Indie artists sound off at Ottawa Porchfest

By Bradley Turcotte – 

Music of every genre echoed everywhere in Hintonburg on September 9 as Ottawa Porchfest musicians performed throughout the neighbourhood. The day culminated in a concert at Parkdale Park.

Unlike last year’s wet weather, the sun beamed brightly on the street artists and several performers commented that the number of spectators surpassed their expectations.

Named for the colours in frontman James Walters’ beard, Jimmy Tri-Tone Band delighted a healthy crowd with an hour-long set of alternative, country-tinged rock.

Jimmy Tri-Tone Band performed at the third annual Ottawa Porchfest on September 9. Photo by Bradley Turcotte

“It’s cool when people are walking down the street and they stop or they stop their car because they hear music,” band member Randelle Ashley said after the duo completed their acoustic concert on Hintonburg Community Association member Jhen Mason’s Sherbrooke Avenue porch.

“It adds to the ambiance of the neighbourhood,” said Sherbrooke Avenue resident Kathleen Gallahue after catching Jimmy Tri-Tone Band’s performance, adding that events like Porchfest are important for the community as it is a festival that doesn’t directly encourage commercialisation or seek to generate profit.

Winner of the 2016 Ottawa Idol crown, Megan Francoeur, fronts roots-rock outfit Subtle Curves and says she likes the “busker-esque” feel of the festival. Subtle Curves performed a collection of upbeat, soulful jams at Wellington Village’s Royal Palm.

Megan Francoeur of Subtle Curves performed a collection of upbeat, soulful jams during Ottawa Porchfest on September 9. Photo by Bradley Turcotte

Quebecois busker Jean-Mo’s guitar-harp produced some of the most unique sounds of the day. Made from recycled materials, including parts of an old printer, the electric creation is equipped with drum pads on the guitar body, allowing for a full band sound emanating from a single instrument. From classic rock distortion to atmospheric chill, Jean-Mo’s music arrested onlookers outside of Nu Grocery on Wellington St.W. His set included the Game of Thrones theme, a choice he admits is meant to draw listeners in and hopefully keep them hooked for his offbeat numbers.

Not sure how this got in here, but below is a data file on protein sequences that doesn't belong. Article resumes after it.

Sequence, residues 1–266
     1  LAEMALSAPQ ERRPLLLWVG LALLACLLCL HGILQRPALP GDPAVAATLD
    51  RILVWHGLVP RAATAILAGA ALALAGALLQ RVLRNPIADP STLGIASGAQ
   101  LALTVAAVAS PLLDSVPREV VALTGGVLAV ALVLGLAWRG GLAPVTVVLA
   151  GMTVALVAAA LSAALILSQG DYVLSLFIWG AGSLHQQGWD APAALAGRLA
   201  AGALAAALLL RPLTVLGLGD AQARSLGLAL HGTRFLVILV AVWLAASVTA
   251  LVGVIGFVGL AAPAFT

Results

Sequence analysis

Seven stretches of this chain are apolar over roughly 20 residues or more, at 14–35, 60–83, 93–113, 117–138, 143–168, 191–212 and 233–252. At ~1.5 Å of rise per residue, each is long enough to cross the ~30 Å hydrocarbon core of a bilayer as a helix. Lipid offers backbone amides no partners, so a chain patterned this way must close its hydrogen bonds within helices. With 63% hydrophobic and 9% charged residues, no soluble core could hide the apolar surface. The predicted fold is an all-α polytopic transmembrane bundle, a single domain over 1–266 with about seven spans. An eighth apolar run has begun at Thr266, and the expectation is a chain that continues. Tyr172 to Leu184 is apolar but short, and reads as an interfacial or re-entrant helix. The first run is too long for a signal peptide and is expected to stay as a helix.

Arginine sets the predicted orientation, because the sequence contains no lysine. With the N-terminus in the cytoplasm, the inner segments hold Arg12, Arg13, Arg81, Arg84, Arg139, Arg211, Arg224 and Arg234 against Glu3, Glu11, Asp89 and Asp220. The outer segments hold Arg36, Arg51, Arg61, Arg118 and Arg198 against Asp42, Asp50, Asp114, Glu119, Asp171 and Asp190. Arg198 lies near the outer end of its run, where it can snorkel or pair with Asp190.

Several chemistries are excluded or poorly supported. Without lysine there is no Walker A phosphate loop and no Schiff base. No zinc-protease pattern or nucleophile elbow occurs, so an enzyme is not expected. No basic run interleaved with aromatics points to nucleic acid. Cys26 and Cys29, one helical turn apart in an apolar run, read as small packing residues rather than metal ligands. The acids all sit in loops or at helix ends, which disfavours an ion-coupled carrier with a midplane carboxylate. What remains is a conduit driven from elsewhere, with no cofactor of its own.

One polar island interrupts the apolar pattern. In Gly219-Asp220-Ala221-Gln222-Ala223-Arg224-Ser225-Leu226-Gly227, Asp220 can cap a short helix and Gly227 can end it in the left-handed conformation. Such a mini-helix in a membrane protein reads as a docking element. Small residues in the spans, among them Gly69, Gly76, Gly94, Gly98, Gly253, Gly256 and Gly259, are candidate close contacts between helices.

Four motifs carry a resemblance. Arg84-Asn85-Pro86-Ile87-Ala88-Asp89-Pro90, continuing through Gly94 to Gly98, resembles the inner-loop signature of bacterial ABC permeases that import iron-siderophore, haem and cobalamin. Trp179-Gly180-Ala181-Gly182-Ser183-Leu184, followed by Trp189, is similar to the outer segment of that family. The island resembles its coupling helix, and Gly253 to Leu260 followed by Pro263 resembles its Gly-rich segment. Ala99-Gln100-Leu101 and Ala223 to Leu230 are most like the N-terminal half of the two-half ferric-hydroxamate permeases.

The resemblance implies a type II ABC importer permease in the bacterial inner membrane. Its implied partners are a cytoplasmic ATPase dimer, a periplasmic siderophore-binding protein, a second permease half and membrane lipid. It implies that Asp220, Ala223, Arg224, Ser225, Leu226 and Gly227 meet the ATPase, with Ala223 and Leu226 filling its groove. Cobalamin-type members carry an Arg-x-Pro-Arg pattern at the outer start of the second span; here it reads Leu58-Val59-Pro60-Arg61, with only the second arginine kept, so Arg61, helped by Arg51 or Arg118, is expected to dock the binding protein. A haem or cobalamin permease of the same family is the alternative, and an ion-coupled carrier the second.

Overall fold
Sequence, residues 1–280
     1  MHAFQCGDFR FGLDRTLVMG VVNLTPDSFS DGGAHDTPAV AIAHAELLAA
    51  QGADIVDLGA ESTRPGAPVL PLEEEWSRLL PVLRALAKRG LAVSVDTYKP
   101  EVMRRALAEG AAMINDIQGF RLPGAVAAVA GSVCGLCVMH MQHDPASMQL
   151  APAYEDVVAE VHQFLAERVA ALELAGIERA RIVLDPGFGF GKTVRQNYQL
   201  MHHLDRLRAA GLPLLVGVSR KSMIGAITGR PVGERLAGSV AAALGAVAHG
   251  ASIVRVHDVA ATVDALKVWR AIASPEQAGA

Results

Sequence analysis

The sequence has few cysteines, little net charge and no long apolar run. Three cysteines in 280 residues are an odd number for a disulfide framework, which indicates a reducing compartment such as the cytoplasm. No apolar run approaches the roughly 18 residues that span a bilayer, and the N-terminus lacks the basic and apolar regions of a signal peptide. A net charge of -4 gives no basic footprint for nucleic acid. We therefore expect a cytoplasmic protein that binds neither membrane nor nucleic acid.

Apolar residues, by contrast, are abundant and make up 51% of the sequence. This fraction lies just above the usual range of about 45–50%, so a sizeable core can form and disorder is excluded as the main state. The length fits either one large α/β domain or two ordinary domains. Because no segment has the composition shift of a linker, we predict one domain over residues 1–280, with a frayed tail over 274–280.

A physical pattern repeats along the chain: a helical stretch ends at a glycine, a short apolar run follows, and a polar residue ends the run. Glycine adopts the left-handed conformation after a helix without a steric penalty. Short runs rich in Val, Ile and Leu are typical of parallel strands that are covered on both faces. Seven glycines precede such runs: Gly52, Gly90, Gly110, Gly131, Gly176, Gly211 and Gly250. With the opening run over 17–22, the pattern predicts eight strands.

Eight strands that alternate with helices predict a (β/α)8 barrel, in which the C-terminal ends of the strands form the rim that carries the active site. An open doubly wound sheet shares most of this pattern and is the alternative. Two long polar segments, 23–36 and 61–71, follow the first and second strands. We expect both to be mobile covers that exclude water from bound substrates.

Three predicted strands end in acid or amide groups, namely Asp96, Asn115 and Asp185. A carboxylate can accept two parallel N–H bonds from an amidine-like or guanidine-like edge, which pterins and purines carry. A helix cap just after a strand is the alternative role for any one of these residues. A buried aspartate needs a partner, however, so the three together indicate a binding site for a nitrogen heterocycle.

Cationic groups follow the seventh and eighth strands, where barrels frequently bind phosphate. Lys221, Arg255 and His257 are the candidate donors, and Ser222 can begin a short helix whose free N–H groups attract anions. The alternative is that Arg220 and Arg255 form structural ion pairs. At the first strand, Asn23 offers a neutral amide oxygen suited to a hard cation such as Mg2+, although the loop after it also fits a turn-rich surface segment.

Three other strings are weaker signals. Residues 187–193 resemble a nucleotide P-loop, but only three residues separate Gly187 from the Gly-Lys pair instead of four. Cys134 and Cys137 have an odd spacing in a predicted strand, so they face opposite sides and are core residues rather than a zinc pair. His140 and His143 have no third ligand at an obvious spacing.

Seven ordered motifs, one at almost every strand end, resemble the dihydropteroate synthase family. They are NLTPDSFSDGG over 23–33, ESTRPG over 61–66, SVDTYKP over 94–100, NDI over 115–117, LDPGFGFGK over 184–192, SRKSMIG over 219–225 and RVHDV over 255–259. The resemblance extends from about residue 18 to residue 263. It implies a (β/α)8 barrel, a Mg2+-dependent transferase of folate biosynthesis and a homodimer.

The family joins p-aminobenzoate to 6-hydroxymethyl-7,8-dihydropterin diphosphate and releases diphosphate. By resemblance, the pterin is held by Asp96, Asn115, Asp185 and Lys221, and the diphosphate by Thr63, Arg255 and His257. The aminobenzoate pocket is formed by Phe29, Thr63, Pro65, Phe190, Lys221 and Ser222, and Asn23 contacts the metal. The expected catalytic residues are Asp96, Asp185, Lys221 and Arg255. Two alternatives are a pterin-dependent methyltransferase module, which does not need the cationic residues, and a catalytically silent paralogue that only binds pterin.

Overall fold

Jean-Mo’s guitar-harp produced some of the most unique sounds of the day. Photo by Bradley Turcotte

Folk-pop singer-songwriter Danielle Allard has followed German stand-up comedians and performed alongside drag queens yet was thrilled to set up stage outside Trove. From the moment she powered up her amp, a throng of music lovers gathered to listen. Bikers stopped to soak up her songs and pedestrians sang along from across the street.

Photo of folk-pop singer-songwriter Danielle Allard by Bradley Turcotte.

“I’ve busked in other cities and it wasn’t as exciting as this,” said Danielle.

As her primary instrument is in the shop being readied for City Folk, Danielle played delicate, winsome arrangements on her “baby guitar.”

Currently prepping a new album, Danielle is offering rewards for pre-ordering her next release. An early buy nets the fan anything from a voicemail message to a private concert. (Get details at danielleallard.com.)

“Ottawa is full of interesting venues and opportunities,” Danielle observes. “This festival is very unique in that it’s encompassing the whole neighbourhood and it takes a lot of community effort to actually pull off an event like this. The community comes together.”

Although there were some last minute cancellations, it was nothing the festival organizers weren’t prepared for, co-founder Kayman McKay divulged after one performer failed to show on Bayswater Avenue.

“Things always work out for the audience,” said co-founder Ken McKay.

 

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